I recently progressed the videos on making different types of frame saw using different ingredients to maximise performance. Visitors stopped by over the days I was working and we were filming and they saw the saws in progress and indeed being used. One man asked my why Europeans didn’t adopt the English tenon saw for their joinery work, inferring this was the improved and better model. Of course in Britain too we had frame saws dating to the middle of the last millennia. Something shifted in the 1700’s when woodworkers transitioned from thinner and narrow blades to wider plate sheet steel and then the addition of the folded spline that pinched the steel and enabled the plate to be straightened by tension.
The progress we made was to introduce a new joint connecting the cross beam to the handles. I did this a few years ago now and have actually used my frame saw on a regular basis. I use it as what I think is the very best metal cutting saw I have ever used. Why do I say metal cutting saw rather than ‘hack’ saw. Well, it doesn’t operate at all like a hacksaw. It’s smooth cutting and it eases through the steel and brass like the proverbial hot knife through butter. I also get double the length of useable blade and, so, long even strokes that are magic.
I have seen toggles and thumbscrews but never liked the look and feel of them and so I retained the toggle and the string method which I find works great. Wood absorbs some of the vibration you get with frame saws but tensioning is key to tensity in the sense of stretch.
The questioner, as with many Brits, assumed that the frames was simply the undeveloped former state of unevolved saws and backsaws were the ultra level of development. I say as with many Brits because the men I apprentice and worked with dismissed frame saws as being European and unBritish.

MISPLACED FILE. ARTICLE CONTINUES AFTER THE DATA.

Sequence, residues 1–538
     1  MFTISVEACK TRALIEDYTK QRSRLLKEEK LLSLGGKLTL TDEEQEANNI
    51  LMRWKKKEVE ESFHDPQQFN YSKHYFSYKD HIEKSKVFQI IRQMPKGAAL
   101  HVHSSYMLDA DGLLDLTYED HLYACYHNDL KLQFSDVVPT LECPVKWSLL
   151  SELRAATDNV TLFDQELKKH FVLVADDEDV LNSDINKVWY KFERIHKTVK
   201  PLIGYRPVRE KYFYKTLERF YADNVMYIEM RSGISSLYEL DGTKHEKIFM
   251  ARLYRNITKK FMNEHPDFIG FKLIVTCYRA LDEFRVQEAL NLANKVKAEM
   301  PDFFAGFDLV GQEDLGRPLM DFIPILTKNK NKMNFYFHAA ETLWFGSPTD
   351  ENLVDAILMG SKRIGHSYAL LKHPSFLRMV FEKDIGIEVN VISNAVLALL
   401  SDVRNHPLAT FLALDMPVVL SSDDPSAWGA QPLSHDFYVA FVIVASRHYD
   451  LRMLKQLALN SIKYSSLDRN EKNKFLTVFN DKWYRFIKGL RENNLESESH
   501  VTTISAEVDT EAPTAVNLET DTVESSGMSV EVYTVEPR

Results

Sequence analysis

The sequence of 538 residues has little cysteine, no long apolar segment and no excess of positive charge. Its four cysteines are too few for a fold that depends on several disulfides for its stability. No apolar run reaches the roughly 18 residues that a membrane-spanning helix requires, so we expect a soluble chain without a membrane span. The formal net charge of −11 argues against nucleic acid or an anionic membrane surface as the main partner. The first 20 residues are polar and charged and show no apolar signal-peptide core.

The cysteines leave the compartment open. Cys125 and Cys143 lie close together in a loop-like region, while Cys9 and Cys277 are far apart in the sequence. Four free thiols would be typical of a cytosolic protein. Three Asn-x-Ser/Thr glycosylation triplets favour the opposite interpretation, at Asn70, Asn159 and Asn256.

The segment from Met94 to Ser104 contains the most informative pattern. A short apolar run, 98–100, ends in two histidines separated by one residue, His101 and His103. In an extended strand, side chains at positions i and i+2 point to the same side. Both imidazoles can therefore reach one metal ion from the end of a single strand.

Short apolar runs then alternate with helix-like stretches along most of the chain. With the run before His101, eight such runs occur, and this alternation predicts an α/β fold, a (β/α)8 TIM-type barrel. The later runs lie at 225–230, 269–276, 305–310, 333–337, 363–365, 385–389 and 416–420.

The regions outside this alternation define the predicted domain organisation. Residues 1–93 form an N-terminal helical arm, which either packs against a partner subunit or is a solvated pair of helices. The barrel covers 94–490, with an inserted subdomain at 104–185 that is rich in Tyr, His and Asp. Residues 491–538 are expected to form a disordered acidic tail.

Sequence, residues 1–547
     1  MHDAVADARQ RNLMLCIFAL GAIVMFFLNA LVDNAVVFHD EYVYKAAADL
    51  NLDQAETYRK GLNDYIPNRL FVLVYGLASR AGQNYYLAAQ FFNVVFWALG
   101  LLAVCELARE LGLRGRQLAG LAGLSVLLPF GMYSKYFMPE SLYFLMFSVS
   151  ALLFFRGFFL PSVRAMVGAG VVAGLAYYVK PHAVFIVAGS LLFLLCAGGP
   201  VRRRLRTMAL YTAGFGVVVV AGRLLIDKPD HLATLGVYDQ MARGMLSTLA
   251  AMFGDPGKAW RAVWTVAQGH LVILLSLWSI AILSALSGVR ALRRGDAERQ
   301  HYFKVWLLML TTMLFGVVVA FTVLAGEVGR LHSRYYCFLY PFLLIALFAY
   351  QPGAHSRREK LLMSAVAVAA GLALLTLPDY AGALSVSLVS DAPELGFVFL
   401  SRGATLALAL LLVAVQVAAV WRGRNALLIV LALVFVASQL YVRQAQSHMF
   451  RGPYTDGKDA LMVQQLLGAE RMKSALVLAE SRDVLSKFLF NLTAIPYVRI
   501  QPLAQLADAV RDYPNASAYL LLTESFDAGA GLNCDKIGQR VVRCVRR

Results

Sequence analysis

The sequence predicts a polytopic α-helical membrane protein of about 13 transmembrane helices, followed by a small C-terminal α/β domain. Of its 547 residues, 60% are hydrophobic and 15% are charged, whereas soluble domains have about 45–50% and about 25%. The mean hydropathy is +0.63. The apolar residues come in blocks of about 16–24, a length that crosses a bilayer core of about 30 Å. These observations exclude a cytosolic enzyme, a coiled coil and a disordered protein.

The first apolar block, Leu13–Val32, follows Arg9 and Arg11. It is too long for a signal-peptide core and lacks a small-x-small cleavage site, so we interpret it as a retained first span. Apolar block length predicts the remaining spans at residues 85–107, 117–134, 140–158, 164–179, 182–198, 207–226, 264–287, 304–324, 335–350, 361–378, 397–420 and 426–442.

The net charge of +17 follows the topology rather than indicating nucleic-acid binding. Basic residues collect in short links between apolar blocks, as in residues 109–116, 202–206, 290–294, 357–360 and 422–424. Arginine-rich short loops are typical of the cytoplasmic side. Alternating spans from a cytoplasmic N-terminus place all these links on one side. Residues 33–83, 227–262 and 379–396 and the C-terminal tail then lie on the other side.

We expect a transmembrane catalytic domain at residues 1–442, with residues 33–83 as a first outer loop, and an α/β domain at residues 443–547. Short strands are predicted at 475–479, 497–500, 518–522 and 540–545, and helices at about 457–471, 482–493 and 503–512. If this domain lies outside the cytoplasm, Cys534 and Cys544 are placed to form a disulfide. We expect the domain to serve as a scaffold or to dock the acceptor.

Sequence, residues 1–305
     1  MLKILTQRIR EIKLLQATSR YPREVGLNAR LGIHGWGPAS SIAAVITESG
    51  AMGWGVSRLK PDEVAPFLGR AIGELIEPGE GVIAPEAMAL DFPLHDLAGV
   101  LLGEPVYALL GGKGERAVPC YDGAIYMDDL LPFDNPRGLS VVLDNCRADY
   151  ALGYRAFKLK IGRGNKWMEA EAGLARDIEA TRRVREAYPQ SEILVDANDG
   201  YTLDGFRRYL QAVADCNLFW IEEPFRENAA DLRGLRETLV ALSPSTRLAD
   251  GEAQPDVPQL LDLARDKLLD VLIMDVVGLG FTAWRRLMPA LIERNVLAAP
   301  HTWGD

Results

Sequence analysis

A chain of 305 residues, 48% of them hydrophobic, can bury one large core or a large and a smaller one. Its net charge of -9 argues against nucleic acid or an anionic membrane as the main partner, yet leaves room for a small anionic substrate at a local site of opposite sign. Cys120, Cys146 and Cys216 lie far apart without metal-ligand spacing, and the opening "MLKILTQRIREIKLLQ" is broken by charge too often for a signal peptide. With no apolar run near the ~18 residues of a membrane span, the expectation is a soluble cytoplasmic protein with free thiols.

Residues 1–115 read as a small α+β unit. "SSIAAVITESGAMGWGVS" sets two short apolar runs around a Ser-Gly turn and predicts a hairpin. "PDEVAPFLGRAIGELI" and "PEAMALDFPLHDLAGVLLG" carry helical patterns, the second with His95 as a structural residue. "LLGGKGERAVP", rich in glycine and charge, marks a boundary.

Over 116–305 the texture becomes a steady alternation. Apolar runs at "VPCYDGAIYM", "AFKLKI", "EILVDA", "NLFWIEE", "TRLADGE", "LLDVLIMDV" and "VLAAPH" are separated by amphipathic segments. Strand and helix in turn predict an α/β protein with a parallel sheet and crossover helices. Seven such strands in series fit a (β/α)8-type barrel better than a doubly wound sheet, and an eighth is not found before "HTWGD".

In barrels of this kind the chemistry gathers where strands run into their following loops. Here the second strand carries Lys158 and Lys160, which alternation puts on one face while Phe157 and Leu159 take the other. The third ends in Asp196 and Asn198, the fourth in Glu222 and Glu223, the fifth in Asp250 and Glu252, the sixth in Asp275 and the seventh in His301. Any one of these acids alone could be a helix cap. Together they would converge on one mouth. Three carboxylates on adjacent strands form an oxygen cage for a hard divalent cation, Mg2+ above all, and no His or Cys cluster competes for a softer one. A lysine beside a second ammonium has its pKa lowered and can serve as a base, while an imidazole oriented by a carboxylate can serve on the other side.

Of course I am looking at these saws a little differently. All of the frame saws commonly available have the ability to turn the blade on its long axis and are often called turning saws. These saws are very different to the traditional bowsaws refined as saws for curved work which were never used for joinery but tighter curved work, arches and remove of waste between twin and double tenons. So it’s important here to look at things through different glasses. Frame saws are indeed good for joinery. They do other tasks including ripcutting, crosscutting and turning, and this depends on the width of the blade used, but for me here and now I want to simply present the frame saw as a joinery saw. In answering the questioner I took the saw and cut these tails for a dovetail by eye and without layout. I then cut a tenon replete with for sides and four shoulders and the same saw with the same blade gave me pristine surfaces that actually looked like a finely tuned bandsaw had cut the facets. I crosscut the shoulders with equal alacrity. So herein is the simplicity of it all. The bow saw is the least expensive saw you can use that gives at least comparable results to the more high developed tenon saw range and you can use one blade for everything without compromise. There are a few refinements you must do to make them work but this revolves around the blade and the teeth and not the frames itself. You really don’t need any turning capacity for any joinery practice so a simple saw kerf and a pin through holds the blade perfectly aligned. If someone makes one of these the cost per saw is under £3 including the blade depending on whether you use scraps of pine or some hardwood. Even if you buy decent hardwood the cost is still a fraction of a tenon saw cost.
I really have enjoyed owning one of these and especially so as a hacksaw. I have two finer toothed blades I use and of course I can interchange two or three beams to alter the length of the saw and the blade. So, I will advise when the videos are up on how to make both the simple frame saw and the fancier model. I think you will love these.
More in this and the making of them soon, very soon.
Have a nice weekend everyone!